What’s something people associate with sunroofs? Road trips? Summer days? If you said “explosions,” you shouldn’t be right – but you are. Attorneys working with ClassAction.org are now investigating instances of panoramic sunroofs spontaneously exploding in cars across the country. The problem doesn’t seem to be limited to any make or model and hundreds of complaints have already been reported to the National Highway Traffic and Safety Administration. Learn more.
State Farm Investment is being sued for allegedly charging “excessive” management fees to customers who invested in the company’s target date mutual funds, known as LifePath funds. These fees may have significantly decreased investors’ returns over time, according to the suit. The lawsuit claims that the practice violates a federal law known as the Investment Company Act of 1940, so if you have a LifePath fund through State Farm, get in touch.
Attorneys working with ClassAction.org are looking into allegations that some auto insurance claims adjusters – specifically those using Colossus and ClaimIQ software – are being misclassified as “exempt” from overtime pay and not getting wages they’re legally entitled to. To help with their investigation, ClassAction.org is asking to hear from current and former insurance adjusters so the attorneys can learn more about their job duties and how they’re getting paid. Adjusters who use these programs without getting paid overtime for their 40-plus hour workweeks may be able to take legal action. Learn more.
Having acceleration problems with your Dodge Ram? If so, ClassAction.org wants to hear from you. Reports from the National Highway Traffic and Safety Administration suggest that a number of Dodge Ram owners have experienced sluggish and/or unintended acceleration in their vehicles. Attorneys are now investigating whether a lawsuit can be filed over the issue. Learn more.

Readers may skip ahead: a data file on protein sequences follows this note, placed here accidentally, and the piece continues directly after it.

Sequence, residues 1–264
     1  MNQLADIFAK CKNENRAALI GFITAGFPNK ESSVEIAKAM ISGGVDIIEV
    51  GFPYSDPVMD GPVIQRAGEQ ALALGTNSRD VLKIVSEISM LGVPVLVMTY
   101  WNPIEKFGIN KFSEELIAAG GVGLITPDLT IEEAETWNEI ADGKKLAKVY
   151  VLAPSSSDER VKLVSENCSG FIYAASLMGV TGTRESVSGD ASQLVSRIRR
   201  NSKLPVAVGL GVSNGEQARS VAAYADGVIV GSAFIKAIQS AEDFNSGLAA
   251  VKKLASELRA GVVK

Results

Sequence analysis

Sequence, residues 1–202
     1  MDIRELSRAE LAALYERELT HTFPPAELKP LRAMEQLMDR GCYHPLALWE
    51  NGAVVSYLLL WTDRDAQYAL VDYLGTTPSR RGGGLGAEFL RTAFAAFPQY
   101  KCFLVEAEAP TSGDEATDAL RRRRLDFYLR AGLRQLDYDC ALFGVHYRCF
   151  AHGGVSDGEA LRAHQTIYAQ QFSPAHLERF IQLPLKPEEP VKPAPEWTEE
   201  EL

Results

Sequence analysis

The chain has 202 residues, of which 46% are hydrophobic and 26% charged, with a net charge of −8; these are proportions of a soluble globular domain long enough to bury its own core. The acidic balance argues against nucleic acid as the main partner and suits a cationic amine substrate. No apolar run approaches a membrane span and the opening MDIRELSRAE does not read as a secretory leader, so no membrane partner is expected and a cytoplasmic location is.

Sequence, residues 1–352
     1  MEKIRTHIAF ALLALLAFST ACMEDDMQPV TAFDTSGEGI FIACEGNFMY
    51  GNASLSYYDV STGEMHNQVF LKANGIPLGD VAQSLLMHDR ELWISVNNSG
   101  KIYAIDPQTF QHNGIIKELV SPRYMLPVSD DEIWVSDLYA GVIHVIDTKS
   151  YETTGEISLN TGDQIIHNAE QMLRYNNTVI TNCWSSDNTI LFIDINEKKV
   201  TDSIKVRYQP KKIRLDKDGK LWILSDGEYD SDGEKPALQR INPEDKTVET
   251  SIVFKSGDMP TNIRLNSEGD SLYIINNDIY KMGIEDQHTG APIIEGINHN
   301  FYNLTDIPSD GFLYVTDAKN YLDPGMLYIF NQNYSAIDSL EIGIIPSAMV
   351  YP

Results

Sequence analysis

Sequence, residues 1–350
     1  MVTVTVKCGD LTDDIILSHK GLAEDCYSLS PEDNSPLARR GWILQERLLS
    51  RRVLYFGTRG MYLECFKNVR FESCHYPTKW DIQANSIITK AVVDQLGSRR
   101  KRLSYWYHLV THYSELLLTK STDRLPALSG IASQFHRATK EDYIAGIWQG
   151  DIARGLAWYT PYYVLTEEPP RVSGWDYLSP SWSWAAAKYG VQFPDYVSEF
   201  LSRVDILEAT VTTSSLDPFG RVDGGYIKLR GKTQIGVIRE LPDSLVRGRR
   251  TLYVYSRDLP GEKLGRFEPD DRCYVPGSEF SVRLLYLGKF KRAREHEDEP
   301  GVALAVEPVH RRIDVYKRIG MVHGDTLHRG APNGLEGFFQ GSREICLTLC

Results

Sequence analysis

Fitbit, Inc. is facing a lawsuit from disgruntled customers who paid a premium price for fitness trackers that were supposed to track their sleeping habits. The catch? The devices – which were sold with packaging that clearly advertised the feature – may not be able to track users’ sleep accurately. In fact, according to a study quoted in a recent lawsuit, tracking anyone’s sleep habits without the use of electrodes gets a bit tricky. It’s good to stay well rested, but electrodes may be going a bit far. Consumers are seeking compensation for what they say constitutes false advertising.
~ Key Case Updates ~
Uber Drivers in California Win Certification in Tips Row
California Uber drivers won an impressive victory this week when they convinced a court to certify them as a class in a lawsuit over the company’s handling of tips. Drivers claim that Uber cheated them out of gratuities by inaccurately labeling them as contractors, and while the company strongly disagrees, it seems to have dug its own grave on this one: by arguing that certification should be denied because drivers each have a unique relationship with the company, Uber managed to convince the judge that, since there was so much variation, Uber may be wrong in classifying all drivers as contractors. Confusing? Maybe, but the point is this: the lawsuit will now continue, with the drivers seeking compensation for tips they say they never received.